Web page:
Princess Alice was born on April 25, 1843, at Buckingham Palace, the third child and second daughter of Queen Victoria and Prince Albert. But her birth was not a happy occasion. After the queen’s second-born son Albert Edward, the public was eagerly awaiting another boy. When that didn’t happen, the disappointment was palpable; the Privy Council even sent a letter to her father giving "congratulation and condolence."
With a start like that, is it any wonder Alice ended up where she did?
Alice had the rare opportunity to marry for love; to Prince Louis of Hesse, a minor German noble. However, the timing couldn't have been worse: Both Alice's grandmother and father passed in the preceding months. Exhibiting that famous British stiff upper lip, Queen Victoria insisted that the ceremony go on even after Prince Albert passed. So, against all odds, the wedding happened on July 1, 1862—but by the time it was over, Alice probably wished it had been canceled.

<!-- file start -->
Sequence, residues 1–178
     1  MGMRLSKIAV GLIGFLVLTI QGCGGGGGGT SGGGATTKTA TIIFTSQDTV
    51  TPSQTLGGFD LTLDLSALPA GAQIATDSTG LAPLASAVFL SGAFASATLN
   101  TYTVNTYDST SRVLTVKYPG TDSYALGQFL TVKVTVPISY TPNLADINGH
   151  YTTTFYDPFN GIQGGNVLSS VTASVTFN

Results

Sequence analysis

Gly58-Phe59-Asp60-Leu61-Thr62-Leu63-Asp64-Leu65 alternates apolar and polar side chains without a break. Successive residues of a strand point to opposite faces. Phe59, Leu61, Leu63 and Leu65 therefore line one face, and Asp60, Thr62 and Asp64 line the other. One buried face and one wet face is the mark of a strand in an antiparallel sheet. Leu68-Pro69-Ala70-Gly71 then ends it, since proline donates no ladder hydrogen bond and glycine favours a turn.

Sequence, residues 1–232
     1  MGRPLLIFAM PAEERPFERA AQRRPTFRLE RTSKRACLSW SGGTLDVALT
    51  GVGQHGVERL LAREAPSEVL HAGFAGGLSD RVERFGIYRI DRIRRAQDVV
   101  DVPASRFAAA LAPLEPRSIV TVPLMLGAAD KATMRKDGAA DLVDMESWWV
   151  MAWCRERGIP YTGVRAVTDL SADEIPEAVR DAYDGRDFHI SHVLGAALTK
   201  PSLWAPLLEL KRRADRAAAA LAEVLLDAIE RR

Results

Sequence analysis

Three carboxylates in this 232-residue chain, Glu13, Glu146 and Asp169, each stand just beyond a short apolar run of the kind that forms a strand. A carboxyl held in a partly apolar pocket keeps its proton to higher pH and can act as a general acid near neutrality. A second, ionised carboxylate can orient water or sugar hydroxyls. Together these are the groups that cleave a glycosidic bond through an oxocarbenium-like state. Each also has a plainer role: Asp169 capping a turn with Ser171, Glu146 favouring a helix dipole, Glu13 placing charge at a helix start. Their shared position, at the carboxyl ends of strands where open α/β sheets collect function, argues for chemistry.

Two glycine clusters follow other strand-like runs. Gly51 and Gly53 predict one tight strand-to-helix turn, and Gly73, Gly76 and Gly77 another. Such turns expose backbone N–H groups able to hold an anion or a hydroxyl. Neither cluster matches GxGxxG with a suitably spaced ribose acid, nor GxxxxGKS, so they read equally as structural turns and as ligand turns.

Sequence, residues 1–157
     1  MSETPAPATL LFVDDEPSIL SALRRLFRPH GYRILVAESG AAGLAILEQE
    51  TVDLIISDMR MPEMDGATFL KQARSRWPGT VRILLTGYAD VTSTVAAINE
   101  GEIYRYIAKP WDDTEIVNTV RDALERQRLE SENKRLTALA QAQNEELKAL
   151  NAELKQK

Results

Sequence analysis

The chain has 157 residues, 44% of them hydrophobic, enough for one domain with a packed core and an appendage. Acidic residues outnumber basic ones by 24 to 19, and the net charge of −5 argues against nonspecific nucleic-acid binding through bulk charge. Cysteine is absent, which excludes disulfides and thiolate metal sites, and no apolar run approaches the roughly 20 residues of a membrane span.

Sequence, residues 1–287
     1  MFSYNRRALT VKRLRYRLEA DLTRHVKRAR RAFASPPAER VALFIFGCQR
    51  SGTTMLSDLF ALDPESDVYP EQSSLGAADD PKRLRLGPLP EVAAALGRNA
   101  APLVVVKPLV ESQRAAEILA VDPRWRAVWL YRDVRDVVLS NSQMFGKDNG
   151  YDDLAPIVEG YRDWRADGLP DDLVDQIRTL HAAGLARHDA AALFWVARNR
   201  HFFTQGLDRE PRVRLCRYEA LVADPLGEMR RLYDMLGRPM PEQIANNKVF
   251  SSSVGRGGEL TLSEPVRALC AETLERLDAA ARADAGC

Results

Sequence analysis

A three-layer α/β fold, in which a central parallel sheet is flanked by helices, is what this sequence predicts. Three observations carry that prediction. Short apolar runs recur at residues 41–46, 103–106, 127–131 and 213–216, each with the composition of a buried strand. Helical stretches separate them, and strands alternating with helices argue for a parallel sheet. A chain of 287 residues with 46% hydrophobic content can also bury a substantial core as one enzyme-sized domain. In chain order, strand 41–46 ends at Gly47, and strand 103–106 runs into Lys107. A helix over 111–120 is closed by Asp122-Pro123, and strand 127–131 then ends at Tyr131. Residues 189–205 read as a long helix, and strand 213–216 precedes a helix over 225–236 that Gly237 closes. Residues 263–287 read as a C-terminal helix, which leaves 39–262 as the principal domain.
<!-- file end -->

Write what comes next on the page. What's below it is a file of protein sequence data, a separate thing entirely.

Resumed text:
Everybody—and I do mean everybody—thought Princess Alice’s nuptials were miserable. Queen Victoria called it “more of a funeral than a wedding,” while the poet Alfred, Lord Tennyson said, “it was the saddest day that I can remember.” The whole miserable thing was all over by 4 pm. Yet before the night wound down, Queen Victoria managed to give her daughter one messed-up parting gift.
Long after Alice’s marriage, Queen Victoria simply couldn’t let her daughter go or allow her to be happy—so instead, she sniped. Indeed, every year that passed grew harder, making it clear to the queen that Alice was content, having ever more children, and was less likely to visit England on any given month. But if Victoria wanted to see Alice sad, she should have been careful what she wished for.